Power of a Power Property of Exponents
Adding and Subtracting Rational Numbers
Solving Equations with Radicals and Exponents
Quadratic Equations
Using Intercepts for Graphing Linear Equations
Graphing Linear Equations in Two
Multiplying Fractions
Solving Linear Equations Containing Fractions
Evaluating Polynomials
Multiplication Property of Square and Cube  Roots
Writing a Fraction in Simplest Form
Square Roots
The Pythagorean Theorem
Factoring The Difference of 2 Squares
Solving Polynomial Equations
Roots and Powers
Writing Linear Equations in Standard Form
Solving Nonlinear Equations by Substitution
Straight Lines
The Square of a Binomial
Solving Equations
Adding and Subtracting Like Fractions
Finding the Equation of an Inverse Function
Slope of a Line
Rules for Nonnegative Integral Exponents

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The Pythagorean Theorem

Objective Learn how to use the Pythagorean Theorem to find the length of the side of a right triangle and to solve problems.

The Pythagorean Theorem is probably the most famous theorem in mathematics. Its history dates back to about 2500 years ago to the famous Greek mathematician and philosopher Pythagoras. However, some historians think that the theorem dates back even further as ancient writings have been found that list “Pythagorean triples” or triples of whole numbers that can be the lengths of the sides of a right triangle.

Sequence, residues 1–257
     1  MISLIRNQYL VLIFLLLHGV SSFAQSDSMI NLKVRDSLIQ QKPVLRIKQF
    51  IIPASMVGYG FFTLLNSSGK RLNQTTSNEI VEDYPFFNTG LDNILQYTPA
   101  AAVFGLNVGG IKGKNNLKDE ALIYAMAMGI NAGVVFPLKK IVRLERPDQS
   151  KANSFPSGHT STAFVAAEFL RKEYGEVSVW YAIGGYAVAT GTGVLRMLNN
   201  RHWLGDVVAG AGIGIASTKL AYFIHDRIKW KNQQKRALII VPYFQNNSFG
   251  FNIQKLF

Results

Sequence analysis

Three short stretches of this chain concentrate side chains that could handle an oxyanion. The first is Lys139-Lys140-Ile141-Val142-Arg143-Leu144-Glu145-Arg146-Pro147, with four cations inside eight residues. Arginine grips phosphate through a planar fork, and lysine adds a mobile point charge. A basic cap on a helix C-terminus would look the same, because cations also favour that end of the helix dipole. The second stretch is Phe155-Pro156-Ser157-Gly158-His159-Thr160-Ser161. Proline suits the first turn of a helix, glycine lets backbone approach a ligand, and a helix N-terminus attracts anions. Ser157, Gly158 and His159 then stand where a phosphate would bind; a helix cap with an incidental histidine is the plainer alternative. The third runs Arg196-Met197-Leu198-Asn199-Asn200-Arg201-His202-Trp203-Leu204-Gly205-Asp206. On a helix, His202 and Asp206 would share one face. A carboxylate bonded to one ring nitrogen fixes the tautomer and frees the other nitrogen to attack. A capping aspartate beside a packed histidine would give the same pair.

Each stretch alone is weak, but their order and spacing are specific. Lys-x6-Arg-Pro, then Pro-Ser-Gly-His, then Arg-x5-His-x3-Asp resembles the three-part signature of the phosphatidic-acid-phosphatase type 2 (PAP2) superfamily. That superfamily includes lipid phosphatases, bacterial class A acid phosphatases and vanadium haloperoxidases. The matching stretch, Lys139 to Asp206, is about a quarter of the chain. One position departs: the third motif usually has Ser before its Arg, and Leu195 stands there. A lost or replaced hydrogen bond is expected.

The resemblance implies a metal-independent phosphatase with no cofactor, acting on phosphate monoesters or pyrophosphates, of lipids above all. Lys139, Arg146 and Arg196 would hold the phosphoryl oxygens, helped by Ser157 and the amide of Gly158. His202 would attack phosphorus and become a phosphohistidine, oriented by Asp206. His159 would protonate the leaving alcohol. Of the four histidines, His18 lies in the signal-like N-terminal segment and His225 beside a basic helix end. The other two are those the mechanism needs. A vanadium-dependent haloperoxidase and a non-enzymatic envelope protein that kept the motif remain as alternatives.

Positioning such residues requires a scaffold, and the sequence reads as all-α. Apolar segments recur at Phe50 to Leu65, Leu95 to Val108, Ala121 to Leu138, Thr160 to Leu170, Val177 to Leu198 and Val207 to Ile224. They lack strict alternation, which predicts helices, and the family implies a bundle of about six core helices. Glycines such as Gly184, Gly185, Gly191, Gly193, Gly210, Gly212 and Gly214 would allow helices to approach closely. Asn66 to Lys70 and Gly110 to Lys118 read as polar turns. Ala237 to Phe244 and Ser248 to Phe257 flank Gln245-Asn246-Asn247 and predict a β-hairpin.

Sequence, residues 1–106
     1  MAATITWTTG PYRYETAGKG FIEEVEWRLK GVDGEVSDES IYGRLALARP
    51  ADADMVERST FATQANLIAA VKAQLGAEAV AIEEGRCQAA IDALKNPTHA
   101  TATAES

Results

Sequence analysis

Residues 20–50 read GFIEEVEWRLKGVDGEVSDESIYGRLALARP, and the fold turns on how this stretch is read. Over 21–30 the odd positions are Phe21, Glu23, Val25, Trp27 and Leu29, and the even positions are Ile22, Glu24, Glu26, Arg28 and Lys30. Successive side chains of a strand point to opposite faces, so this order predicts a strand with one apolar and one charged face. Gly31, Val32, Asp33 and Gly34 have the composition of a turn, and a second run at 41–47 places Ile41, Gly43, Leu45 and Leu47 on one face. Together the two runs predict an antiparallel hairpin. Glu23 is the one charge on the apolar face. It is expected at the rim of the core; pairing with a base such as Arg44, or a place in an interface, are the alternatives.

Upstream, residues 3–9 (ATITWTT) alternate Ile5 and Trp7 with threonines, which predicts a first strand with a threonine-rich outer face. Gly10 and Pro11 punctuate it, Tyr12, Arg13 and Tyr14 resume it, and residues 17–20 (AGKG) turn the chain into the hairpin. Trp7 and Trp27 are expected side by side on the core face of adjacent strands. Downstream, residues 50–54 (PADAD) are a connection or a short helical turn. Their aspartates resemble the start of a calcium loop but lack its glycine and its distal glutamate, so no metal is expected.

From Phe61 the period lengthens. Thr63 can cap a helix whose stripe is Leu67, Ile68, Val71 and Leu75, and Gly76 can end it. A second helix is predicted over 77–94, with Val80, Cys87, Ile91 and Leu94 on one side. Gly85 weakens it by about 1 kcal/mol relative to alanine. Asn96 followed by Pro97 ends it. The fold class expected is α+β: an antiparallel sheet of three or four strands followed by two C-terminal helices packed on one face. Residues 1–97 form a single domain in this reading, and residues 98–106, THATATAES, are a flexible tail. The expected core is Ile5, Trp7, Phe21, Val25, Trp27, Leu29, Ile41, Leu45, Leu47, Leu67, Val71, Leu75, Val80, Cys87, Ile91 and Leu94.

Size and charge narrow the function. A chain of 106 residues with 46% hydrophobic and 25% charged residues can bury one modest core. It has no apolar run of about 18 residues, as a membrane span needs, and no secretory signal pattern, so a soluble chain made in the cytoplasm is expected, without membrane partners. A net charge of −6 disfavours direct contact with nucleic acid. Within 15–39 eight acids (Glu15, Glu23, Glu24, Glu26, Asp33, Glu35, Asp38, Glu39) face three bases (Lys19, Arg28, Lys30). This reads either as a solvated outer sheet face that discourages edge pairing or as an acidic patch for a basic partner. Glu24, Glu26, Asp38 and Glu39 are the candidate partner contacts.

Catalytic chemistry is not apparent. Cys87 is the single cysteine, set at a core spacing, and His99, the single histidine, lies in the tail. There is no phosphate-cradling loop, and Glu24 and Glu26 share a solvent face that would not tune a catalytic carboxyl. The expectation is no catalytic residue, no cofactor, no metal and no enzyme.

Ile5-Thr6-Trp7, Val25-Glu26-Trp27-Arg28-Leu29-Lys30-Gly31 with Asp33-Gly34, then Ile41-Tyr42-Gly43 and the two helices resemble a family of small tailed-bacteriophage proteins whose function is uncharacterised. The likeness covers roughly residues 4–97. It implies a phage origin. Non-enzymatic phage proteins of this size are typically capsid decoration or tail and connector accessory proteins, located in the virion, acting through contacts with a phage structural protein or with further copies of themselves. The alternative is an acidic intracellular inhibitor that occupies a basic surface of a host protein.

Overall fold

Modeling the Pythagorean Theorem

Let's see a model for the Pythagorean Theorem.

The sides of the right triangle have lengths of 3, 4, and 5 units, and the areas of the squares are 9, 16, and 25 square units, respectively. These numbers form the basis for the Pythagorean Theorem. The area of the larger square is equal to the total area of the two smaller squares.

5 2 = 3 2 + 4 2

25 = 9 + 16

This relationship is true for any right triangle.

Before seeing the Pythagorean Theorem in its algebraic form, let's check the following:

• The sides of a right triangle that are adjacent to the right angle are called the legs of the triangle.

• The side opposite the right angle is called the hypotenuse.


The Pythagorean Theorem

In a right triangle, the square of the length of the hypotenuse is equal to the sum of the squares of the lengths of the legs.

c 2 = a 2 + b 2


How are the model of the Pythagorean Theorem and the expression c 2 = a 2 + b 2 related?

Suppose the lengths of the sides of the right triangle in the model are a, b, and c with c being the longest side. Then, the areas of the squares would be a 2, b 2, and c 2, respectively, and c 2 would equal the sum of a 2 and b 2.